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Interview with Paul Levitz, Part 3

CMX, Minx, and MMORPGs

Published: 09/04/2007 12:00am

A few weeks ago at the San Diego Comic-Con, we sat down with DC President and Publisher Paul Levitz for our annual talk about the state of the comic business and DC's place in it.  In Part 3, we talk about DC's investment in Japan, and how that relates to its strategy for a flow of content for its CMX line, the launch of DC's new Minx imprint, and the opportunities for cross-fertilization of content and customers with MMORPGs.  In Part 4, we talk about DC's film pipeline and strategy, Levitz's take on DC's upcoming releases, and how the changes in the market are changing comics.  In Part 1, we talked about the current state of the market and its prospects.  In Part 2, we talked about DC's investments in Webcomics.

We'd like to continue the discussion of Flex and put it in the context of CMX.  One of the issues with CMX has been that some major Japanese manga publishers are tied up because they've got US arms that are publishing their material here or they have uber alliances like the Kodansha-Random House relationship.  Is one of the reasons that you invested in Flex to sort of move upstream in Japanese content and give yourself a better pipeline?
I think the investment in Flex fits what our most fundamental strategy was in Japan.  When you go to the heart of why we were interested in this, it's that if you look at the popular culture of the world over the last several decades, historically the US and England were the disproportionate exporters of popular culture, whether that was in music, film, television. 

There were very vigorous popular culture industries in many other countries (think Bollywood as an example), but mostly without worldwide impact.  Japan has entered that field extraordinarily dramatically in the last decades, and most powerfully through creative properties that have been developed out of anime and manga. Things like Pokemon as an example of the sort of world impact of something.  From a corporate standpoint, we felt one of the virtues we could bring to our Warner Bros. and Time Warner family, was to sink deeper roots into that culture since it stemmed from a world that related to ours, and build relationships where, over time, hopefully we could bring to the family important pieces of intellectual property that could be useful not just in manga, but in animation, in film, in any form of storytelling that the company is in.  That's really one of the major motivations for CMX originally--to get a foothold in it, to begin learning the culture and developing the relationships.  Flex is certainly a significant further step in that.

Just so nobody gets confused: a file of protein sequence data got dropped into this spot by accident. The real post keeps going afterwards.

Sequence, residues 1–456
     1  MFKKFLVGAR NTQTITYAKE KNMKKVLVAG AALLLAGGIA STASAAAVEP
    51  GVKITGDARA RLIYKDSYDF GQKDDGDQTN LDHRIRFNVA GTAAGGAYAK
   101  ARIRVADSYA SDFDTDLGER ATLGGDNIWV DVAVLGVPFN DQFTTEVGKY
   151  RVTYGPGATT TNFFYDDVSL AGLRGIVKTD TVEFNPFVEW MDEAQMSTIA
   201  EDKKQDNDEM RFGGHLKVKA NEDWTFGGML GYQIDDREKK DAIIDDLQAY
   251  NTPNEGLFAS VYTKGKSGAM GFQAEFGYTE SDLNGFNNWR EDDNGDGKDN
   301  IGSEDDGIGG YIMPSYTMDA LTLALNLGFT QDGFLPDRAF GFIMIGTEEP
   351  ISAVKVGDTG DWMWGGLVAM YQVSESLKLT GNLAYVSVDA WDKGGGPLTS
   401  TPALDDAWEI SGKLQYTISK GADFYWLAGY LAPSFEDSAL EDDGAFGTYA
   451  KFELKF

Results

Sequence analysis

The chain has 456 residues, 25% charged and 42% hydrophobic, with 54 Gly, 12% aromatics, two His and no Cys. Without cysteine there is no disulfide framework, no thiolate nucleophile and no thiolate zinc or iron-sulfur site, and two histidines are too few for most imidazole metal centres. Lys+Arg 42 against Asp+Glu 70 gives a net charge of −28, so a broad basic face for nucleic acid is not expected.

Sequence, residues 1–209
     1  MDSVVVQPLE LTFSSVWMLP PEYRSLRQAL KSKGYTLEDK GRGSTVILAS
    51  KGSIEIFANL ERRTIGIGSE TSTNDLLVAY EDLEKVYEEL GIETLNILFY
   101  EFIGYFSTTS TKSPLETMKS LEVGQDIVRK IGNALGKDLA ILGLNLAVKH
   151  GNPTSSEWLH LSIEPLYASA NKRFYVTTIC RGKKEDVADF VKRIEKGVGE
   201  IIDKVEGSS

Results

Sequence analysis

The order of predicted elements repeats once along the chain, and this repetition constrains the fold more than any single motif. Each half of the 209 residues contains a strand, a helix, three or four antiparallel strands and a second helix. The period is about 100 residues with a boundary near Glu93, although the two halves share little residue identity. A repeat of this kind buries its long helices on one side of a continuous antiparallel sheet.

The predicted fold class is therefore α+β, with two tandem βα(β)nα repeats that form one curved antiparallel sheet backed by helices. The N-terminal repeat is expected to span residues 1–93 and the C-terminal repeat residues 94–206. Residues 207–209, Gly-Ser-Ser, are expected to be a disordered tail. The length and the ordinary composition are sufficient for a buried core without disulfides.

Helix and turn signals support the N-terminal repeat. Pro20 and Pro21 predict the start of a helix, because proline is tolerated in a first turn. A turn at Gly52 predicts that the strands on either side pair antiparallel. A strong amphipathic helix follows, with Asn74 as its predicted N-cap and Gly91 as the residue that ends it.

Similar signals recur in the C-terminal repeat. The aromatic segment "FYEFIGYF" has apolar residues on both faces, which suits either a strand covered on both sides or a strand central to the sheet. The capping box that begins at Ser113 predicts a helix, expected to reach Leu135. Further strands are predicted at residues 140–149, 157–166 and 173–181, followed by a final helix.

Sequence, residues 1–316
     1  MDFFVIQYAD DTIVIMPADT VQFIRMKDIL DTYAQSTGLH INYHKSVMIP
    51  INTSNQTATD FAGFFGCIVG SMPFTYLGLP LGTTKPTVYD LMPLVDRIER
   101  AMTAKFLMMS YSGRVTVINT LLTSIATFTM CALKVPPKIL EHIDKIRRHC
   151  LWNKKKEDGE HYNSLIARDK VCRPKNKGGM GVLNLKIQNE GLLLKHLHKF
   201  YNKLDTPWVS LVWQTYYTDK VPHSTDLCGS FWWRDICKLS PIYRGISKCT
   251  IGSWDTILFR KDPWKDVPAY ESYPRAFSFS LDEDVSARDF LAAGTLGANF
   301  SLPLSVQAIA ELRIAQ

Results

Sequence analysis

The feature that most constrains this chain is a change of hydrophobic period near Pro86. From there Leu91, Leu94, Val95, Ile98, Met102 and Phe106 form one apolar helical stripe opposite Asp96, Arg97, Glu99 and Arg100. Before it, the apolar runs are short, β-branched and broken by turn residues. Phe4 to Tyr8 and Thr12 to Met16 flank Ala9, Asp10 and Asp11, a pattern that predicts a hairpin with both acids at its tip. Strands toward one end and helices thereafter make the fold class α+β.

The point you raise about the issue of scarcity of the great stuff for American reprinting is certainly a fair point.  Viz obviously has a close relationship with its two parent companies.  Kodansha has a close relationship with Random House.  We have ongoing conversations with everybody who publishes good manga about what the right ways of working together are, because there's so much good stuff that really none of the alliances cover 100% of the great material that's available, but we'd like to find ways of getting the best stuff we can, and in this case being involved from the very beginning certainly presented a unique opportunity.

We wanted to talk a little bit about Minx, the new DC imprint, which was another event since the last time we talked.  It looked to us from the first numbers we saw that the direct response was stronger than the bookstores which was sort of the opposite of what I would've expected.  Can you comment on whether you're finding that the case and what the overall response is on Minx?
I don't think the direct absolute numbers were larger than the bookstore numbers, but we certainly had an enormous enthusiasm in the direct market that was above and beyond what we were initially expecting which was great.  There was a lot of passion for reaching out to the other audiences.  We got some good support in the bookstores for the launch.

It's a challenging project. You're reaching out to a very different kind of audience.  There's not a natural connection immediately there day one that says these people are walking past this shelf, put it out and make it happen, but we're nurturing it, we're doing ok, and we think the material is very strong, and we're optimistic that it will continue to build from here.

DC recently announced that you were going to do a comic based on the World of Warcraft.  We've been finding that videogames are very important drivers of print and other products.  This is a big move in that direction (Blizzard recently announced that they'd hit nine million subscribers for World of Warcraft).  What do you see as the relationship between the audiences for MMORPGs and for comics in both directions--both what you'd like to do with the Blizzard deal and what are the opportunities for DC?